Ti­betans af­fected by earth­quake learn to drive

China Daily (Canada) - - FRONT PAGE - By PALDEN NY­IMA and DAQIONG in Xigaze, Ti­bet

Evac­uee Drolma Sherpa was about to pick up her two chil­dren from kinder­garten af­ter pre­par­ing lunch for the fam­ily, as her hus­band, Ny­ima Dorje, went out to prac­tice driv­ing.

They were among the 413 house­holds evac­u­ated to a set­tle­ment in the Ti­betan city of Xigaze af­ter the mag­ni­tude-7.9 earth­quake hit Nepal and bor­der ar­eas of Ti­bet on April 25.

“We do not have work to do in the set­tle­ment, and go­ing to a driver’s school near the camp is mean­ing­ful,” said Ny­ima Dorje.

The 35-year-old said he had long wished to learn how to drive.

“The gov­ern­ment paid the cost of learn­ing, and we were pro­vided the­ory and prac­tice cour­ses all day long,” he said.

The prac­tice area is next to the camp. With five in­struc­tors, the be­gin­ning driv­ers get the chance to prac­tice all day.

Tashi Norbu, chief of the Nyanang county hu­man re­sources and so­cial se­cu­rity bureau, said 254 peo­ple are tak­ing the free driv­ing train­ing course, with all the school fees be­ing paid by the gov­ern­ment.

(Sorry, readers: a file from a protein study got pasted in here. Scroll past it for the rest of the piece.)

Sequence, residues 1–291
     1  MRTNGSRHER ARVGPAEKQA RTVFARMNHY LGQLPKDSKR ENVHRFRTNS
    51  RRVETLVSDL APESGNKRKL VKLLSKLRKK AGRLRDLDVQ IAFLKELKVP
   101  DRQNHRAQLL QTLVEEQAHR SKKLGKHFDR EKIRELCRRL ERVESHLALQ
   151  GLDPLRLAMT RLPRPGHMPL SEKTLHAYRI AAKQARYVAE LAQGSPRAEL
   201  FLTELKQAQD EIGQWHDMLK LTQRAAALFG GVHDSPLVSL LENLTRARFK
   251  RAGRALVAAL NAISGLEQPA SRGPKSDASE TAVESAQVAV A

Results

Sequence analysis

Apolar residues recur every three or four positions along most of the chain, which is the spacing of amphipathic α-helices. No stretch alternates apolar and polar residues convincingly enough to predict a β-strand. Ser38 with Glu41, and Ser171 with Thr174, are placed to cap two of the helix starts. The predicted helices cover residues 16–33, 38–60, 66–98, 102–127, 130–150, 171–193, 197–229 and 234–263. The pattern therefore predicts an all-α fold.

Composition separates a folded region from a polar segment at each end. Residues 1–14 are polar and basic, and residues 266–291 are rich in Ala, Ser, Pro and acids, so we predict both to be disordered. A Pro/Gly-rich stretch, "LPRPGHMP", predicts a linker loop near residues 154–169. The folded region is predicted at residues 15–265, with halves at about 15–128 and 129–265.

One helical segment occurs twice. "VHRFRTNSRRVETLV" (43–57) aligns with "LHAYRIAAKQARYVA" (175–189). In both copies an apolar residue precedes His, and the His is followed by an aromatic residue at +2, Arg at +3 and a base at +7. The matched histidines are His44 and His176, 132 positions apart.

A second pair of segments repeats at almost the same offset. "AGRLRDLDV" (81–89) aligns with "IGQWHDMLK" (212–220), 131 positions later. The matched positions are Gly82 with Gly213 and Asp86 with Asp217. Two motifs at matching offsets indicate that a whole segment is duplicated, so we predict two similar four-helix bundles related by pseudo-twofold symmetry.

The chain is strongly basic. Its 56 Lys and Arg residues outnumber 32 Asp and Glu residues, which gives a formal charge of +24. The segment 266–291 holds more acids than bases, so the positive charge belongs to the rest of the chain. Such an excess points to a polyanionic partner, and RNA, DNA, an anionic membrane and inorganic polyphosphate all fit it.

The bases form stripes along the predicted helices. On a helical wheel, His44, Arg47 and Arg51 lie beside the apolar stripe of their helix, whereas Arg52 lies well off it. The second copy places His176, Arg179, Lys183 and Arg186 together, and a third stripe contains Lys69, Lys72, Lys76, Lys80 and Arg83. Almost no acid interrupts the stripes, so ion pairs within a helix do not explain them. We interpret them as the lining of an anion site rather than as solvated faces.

“The gov­ern­ment is work­ing on find­ing jobs for the evac­uees next,” he said.

Ny­ima Dorje comes from Dam, a town­ship in Nyanang county that was se­verely hit by the April earth­quake. Be­fore the quake, Ny­ima and his wife ran a res­tau­rant, shop and street clean­ing ser­vice in Dam, Ti­bet’s big­gest bor­der cross­ing.

Ny­ima Dorje has ex­ten­sive busi­ness ex­pe­ri­ence and has traded in goods be­tween Dam and Kathmandu for 15 years. He is also an ex­cel­lent in­ter­preter.

“I worked as an in­ter­preter for more than 10 years,” he said. “I speak English, Nepalese, Man­darin and Ti­betan.”

Re­cently, he read the Ti­betan-lan­guage ver­sion of driv­ing the­ory. He some­times has dif­fi­culty read­ing, so the gov­ern­ment pro­vided him with an au­dio ver­sion.

“My plan is to get a driver’s then buy a car,” he said.

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